The current economic and political climate places ever greater pressure on public organizations to deliver services in a cost-efficient way. Focused on the costs of service delivery, governments across the world have introduced a series of business like practices – from performance management to public-private partnership – in the belief that these will increase the efficiency of their public services. However, both the debate about public service efficiency and the policies and practices introduced to advance it, have developed without a coherent account of what efficiency means in this context and how it should be realized. The predominance of a rather narrow definition of the term – very often focused on the ratio of inputs to outputs – has tended to polarise opinion either for or against efficiency agenda.
Yet public service efficiency, more broadly conceived, is an inescapable fact of the public manager’s task environment; indeed in the past, the notion of efficiency was central to the emergence of the field of public administration. This book will recover public service efficiency from the relatively narrow terms of recent debates by examining theories and evidence relating to technical, allocative, distributive and dynamic efficiencies.
In exploring the relationship between efficiency and democracy, this book will move current debates in public administration forward by reflecting on the trade-offs between the different dimensions of efficiency that public organizations confront.
Table of Contents
1. Introduction 2. What is Public Service Efficiency? 3. Technical Efficiency 4. Allocative Efficiency 5. Distributive Efficiency 6. Dynamic Efficiency 7. Managing for Efficiency in a Democracy 8. Conclusion
Rhys Andrews is Senior Research Fellow at Cardiff University, UK. His primary research interests are in strategic management, social capital, organizational structure and public service performance. He is co-editor of the International Public Management Journal
Tom Entwistle is Senior Lecturer in Public Policy and Management and director of the Master’s in Public Administration at Cardiff University, UK. His primary research interests are in the areas of local governance, central-local relations, public-private partnerships and public service performance
Andrews and Entwistle deliver an innovative approach to public service efficiency that carefully crafts theory and practice around a multifaceted concept of efficiency. Simplistic ideas of Economic and Pareto efficiency, that have dominated political aspirations for public administration for far too long, are dismantled using a critical and realist approach. This highlights the trade-offs and contradictions that public managers experience in their day-to-day practice. I commend their four faces model to practitioners and students, as it will aid understanding of the challenges managers experience when trying to improve services. Most important of all this books takes us beyond a preoccupation with productive efficiency to reconnect service improvements with democratic and public values.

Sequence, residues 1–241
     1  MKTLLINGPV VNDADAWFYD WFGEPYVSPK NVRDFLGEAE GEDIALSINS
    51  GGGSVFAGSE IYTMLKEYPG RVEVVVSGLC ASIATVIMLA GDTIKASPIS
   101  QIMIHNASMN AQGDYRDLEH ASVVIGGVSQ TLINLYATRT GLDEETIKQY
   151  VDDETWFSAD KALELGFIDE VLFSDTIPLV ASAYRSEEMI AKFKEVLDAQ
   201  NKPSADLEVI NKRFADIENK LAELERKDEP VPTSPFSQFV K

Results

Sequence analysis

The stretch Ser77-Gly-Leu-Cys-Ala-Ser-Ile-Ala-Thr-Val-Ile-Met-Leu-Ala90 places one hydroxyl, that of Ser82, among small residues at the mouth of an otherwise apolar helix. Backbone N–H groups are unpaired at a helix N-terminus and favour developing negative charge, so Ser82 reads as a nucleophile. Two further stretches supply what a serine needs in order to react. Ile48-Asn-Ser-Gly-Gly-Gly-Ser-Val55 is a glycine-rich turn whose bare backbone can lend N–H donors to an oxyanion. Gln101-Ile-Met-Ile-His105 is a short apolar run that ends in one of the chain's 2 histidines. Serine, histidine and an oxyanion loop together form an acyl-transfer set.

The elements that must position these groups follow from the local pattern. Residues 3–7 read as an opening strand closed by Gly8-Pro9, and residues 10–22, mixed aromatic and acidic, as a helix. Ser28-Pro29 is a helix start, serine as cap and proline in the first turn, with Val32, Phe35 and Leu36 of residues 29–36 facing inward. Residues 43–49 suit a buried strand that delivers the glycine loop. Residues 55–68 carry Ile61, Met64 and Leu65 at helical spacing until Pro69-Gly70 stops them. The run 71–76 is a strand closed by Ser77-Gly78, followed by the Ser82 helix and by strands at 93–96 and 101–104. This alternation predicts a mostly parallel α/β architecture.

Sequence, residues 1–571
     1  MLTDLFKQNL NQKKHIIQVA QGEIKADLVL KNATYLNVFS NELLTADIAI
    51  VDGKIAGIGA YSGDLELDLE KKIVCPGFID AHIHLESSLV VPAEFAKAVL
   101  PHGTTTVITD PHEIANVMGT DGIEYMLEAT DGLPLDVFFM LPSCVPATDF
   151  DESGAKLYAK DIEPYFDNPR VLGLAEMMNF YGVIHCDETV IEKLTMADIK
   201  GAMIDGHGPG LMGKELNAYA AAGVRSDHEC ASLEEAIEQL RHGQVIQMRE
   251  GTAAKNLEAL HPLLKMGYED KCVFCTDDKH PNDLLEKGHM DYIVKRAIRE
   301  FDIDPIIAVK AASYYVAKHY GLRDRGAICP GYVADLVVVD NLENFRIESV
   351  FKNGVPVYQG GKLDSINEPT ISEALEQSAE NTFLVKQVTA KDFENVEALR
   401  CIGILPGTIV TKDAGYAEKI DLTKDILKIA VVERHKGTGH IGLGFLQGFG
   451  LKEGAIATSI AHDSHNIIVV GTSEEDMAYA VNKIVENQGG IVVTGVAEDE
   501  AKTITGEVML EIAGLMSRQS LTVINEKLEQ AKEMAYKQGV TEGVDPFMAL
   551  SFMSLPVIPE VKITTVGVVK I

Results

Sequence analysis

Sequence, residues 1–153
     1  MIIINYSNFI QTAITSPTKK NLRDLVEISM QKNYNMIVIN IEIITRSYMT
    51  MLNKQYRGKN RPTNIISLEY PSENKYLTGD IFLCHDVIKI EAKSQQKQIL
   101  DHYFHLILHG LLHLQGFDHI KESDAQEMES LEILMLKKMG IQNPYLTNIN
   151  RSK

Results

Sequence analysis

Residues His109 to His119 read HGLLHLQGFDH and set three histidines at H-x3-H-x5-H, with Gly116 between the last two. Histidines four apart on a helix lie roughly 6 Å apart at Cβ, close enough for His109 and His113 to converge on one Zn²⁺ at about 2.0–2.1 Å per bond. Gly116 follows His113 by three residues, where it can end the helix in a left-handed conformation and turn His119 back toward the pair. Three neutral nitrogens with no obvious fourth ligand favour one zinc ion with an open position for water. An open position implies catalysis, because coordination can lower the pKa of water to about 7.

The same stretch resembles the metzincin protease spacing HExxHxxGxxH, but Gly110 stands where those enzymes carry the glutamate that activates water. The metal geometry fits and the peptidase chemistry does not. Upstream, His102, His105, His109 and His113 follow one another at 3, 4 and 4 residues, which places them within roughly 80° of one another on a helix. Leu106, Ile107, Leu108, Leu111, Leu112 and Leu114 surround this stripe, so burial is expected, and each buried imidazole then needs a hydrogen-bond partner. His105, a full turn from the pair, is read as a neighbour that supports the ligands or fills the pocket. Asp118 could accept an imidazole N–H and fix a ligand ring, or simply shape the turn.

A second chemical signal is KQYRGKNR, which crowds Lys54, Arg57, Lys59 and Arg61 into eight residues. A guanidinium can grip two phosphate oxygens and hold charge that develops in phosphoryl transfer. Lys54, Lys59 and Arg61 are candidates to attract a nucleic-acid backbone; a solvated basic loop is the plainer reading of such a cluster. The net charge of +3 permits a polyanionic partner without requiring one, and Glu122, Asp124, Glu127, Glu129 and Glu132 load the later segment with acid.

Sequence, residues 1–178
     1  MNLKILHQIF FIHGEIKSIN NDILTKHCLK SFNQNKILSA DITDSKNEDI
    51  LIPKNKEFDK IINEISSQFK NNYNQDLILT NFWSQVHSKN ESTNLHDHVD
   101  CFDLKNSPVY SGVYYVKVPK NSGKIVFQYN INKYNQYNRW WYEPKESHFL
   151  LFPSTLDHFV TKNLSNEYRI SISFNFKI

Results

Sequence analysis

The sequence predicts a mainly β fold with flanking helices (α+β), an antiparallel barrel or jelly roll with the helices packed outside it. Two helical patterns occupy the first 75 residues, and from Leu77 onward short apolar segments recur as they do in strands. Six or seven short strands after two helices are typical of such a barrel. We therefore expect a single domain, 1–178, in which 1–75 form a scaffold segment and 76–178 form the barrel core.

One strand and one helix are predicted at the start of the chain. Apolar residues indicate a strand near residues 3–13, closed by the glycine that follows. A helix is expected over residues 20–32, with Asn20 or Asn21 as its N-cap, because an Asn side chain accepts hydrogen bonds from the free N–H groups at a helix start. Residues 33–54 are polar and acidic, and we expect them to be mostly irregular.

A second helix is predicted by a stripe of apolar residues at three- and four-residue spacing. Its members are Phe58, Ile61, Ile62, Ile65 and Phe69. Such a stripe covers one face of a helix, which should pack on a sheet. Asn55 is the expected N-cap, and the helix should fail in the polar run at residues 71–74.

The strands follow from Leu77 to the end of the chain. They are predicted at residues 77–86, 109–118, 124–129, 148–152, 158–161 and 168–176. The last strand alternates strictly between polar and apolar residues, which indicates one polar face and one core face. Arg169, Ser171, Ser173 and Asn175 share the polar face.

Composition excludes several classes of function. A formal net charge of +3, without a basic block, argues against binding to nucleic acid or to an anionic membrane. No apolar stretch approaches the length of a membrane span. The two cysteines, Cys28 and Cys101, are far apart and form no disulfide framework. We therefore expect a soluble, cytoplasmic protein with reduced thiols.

Philip Haynes, Professor, University of Brighton, UK
Efficiency is a concept which has widespread use in everyday conversation. Andrews and Entwistle address the fallacy of the everyday understanding of this term by their discussion of the complexities of this concept in this book. This is a nuanced critique of efficiency in the setting of public management, an area of study which is highly contested and which is beset by `wicked` policy problems. The authors offer a powerful assembly of ideas of efficiency for both serious scholars of, and policy makers in, public management.
Irvine Lapsley, Editor, Financial Accountability & Management, and Director, IPSAR, University of Edinburgh Business School, UK
The book makes the case for rethinking how to apply public service efficiency in public administration. Compelling arguments are presented for a multi-dimensional approach that covers democratic and economic elements and the interaction between the dimensions.John Halligan, Professor, University of Canberra, Australia
Andrews and Entwistle also remind us in the conclusion that productive efficiency, distributive efficiency, dynamic efficiency, and allocative efficiency are not new ideas. However, putting them under the big umbrella called ‘efficiency’ may motivate scholars to find a better way to reconcile them, combine them, and balance them...this attempt to reconcile and balance the different faces of efficiency is probably another merit of Andrews and Entwistle’s book.
Chung-An Chen is an assistant professor in public administration and public policy at Nanyang Technological University, Singapore